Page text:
The vegan blogosphere is lucky he did. PaleoVeganology is everyone’s favorite vegan paleontology blog, and is one of the most important contributions to the burgeoning “vegan skeptic” movement — the ethical vegan reformers who are more than happy to hack down fallacious arguments for veganism, like the myth that humans are naturally herbivores. To this end, Robert is currently engaged in an online debate with “The Permavegan,” a vegan permaculture advocate who believes that it makes no biological sense for humans to eat meat.

I have my money on Robert. 

Are humans “omnivores”?

Yes, unequivocally. But I’m glad you put that word in scare quotes, because it’s possible for people to read too much into it. The description of humans as “omnivores” is observational, not taxonomic, and definitely not prescriptive. When researchers into human evolution use that word, they mean something a bit different than what, say, paleo dieters or other carnists do. Omnivory does not impose behaviors on us; it’s merely a description of our capabilities and our morphology. We’re neither specialized plant-eaters nor specialized meat-eaters. From the perspective of morphology, it can’t be inferred that we must eat either plants or animals, only that we can eat them both.

Why do you refer to meat-eating humans as carnists?

Honestly, because I just think it’s a cool word, and I am often too lazy to type out the phrase “meat-eating humans.” The word has its origin in the effort by some vegans to label those humans who continue eating meat after being exposed to cruelties of factory farming; i.e., those who eat meat because of a conscious ethical choice, and not out of habit. A carnist is someone committed to the ideology that it is acceptable to eat (some) animals, and is basically the opposite of “vegan.” But like I said, I mostly use it because I think it’s a cool word and a practical shorthand device.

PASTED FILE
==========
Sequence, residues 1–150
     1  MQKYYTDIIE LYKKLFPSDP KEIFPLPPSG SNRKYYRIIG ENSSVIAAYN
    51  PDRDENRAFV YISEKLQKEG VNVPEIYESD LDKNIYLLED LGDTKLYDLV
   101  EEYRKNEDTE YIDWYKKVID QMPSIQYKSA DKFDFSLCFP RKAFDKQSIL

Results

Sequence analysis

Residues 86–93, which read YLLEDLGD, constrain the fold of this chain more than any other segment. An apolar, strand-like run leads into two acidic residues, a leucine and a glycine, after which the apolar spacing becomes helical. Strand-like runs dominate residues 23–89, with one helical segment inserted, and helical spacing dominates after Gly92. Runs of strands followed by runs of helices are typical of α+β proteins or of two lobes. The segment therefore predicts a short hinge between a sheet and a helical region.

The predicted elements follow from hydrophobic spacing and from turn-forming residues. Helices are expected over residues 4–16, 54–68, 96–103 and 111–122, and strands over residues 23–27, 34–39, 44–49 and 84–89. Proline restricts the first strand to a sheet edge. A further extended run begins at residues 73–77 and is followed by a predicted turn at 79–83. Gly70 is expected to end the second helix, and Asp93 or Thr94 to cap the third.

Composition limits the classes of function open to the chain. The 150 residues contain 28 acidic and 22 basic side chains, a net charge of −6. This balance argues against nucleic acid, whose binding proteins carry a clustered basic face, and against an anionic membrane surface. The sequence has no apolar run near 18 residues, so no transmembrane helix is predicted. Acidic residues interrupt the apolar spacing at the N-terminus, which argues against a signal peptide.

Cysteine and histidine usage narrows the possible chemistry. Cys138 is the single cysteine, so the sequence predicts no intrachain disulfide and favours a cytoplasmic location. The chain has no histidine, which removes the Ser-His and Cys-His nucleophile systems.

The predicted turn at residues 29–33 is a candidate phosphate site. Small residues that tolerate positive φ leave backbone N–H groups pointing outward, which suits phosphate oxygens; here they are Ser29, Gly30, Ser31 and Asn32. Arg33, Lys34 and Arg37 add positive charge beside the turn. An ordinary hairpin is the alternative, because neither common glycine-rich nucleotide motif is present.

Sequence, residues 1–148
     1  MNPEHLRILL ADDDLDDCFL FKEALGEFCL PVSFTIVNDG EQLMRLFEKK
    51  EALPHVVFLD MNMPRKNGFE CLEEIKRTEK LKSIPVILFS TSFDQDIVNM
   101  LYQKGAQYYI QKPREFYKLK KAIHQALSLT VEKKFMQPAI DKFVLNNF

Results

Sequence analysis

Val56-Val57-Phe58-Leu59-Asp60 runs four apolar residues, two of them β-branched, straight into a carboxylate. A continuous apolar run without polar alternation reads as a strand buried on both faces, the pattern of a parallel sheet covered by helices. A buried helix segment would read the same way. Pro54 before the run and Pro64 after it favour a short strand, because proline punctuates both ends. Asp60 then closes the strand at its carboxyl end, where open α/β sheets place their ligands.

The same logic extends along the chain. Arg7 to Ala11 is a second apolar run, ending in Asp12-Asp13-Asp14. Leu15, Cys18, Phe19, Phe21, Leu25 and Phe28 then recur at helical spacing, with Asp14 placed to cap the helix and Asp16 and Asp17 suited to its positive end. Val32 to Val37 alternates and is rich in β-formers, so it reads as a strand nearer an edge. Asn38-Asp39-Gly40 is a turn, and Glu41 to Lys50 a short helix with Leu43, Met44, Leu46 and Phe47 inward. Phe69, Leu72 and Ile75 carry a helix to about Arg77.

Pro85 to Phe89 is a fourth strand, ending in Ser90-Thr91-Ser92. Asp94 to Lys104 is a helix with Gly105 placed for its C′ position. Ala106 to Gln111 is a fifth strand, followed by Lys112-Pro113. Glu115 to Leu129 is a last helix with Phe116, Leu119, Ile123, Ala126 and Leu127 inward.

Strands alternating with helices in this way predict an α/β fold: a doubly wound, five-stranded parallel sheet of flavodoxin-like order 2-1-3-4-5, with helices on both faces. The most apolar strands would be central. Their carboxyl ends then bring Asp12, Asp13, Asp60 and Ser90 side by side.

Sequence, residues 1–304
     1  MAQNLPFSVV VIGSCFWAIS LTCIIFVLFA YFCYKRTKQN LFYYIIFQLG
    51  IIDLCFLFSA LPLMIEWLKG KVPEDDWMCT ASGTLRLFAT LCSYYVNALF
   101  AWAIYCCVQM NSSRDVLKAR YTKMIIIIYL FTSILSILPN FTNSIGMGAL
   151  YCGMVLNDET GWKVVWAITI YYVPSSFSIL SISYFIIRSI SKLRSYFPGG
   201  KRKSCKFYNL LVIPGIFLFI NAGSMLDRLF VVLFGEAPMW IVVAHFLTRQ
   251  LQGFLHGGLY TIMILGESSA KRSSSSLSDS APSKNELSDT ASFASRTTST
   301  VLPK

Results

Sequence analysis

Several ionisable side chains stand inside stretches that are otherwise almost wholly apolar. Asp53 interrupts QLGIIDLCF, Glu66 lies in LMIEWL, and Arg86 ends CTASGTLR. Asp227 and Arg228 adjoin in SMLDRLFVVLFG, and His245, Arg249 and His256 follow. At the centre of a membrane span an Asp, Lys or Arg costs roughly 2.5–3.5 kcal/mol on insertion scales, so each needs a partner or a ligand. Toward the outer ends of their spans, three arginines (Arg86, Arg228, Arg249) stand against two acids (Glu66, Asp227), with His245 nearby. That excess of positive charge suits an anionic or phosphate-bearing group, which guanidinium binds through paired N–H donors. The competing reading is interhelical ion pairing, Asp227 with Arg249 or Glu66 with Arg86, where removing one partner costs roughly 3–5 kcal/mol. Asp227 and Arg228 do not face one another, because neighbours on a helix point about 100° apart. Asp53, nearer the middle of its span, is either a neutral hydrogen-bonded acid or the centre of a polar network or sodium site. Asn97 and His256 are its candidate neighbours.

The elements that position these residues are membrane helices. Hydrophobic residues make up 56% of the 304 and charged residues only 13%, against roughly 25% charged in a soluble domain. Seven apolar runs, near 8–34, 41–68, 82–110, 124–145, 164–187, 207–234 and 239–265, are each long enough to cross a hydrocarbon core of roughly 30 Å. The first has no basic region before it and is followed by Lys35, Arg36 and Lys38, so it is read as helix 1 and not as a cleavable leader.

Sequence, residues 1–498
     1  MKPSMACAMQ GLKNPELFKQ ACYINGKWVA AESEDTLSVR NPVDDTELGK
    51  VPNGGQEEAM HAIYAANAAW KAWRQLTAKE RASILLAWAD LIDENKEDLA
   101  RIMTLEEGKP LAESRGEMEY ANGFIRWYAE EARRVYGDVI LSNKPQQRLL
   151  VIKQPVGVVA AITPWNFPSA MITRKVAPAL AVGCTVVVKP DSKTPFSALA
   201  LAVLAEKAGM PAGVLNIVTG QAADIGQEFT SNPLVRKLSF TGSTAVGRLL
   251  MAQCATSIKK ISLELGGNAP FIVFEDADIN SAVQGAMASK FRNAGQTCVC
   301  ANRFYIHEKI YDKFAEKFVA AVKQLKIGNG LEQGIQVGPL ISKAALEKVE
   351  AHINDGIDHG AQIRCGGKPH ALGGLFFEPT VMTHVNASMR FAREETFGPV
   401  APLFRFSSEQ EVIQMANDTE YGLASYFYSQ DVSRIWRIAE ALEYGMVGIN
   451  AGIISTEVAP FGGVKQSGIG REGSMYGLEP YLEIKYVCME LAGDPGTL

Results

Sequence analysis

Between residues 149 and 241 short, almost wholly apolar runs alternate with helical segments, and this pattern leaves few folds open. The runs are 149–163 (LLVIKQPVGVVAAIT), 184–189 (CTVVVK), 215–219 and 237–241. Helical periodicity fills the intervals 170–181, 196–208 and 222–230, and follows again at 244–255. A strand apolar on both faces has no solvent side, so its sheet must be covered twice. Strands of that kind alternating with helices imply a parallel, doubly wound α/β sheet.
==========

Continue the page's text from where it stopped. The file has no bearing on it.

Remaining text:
It’s obvious that you are not using your blog to try to prove that veganism is our “natural diet”. What would you say your message is? That evolution is complicated and it doesn’t make sense to try to base lifestyle choices on it?

That’s part of it. Though it’s not just that evolution is complex – far more complex than most people realize, actually – but also, paradoxically, that it’s limited. Evolution is a great tool for figuring out the ancestry of organisms and the mechanisms of speciation and such, but it’s fundamentally about populations, not individuals. As such, it’s not a great guide for figuring out what your “optimal” diet is. The human fossil record is too sparse for that, and even if it were more robust, I think it’d be problematic at best to try to base ethical or lifestyle choices on it.

I should confess here that the “message” of my blog is itself evolving. I started it because I kept running into vegans who, upon learning I was a paleontology student, would ask me for rhetorical ammo to use in their own arguments against eating animals. It’s common for vegans to argue that “humans are natural herbivores,” for instance. But things just aren’t that simple. At first, I was game for the effort, but by the time I decided to start blogging, I had become more skeptical of it.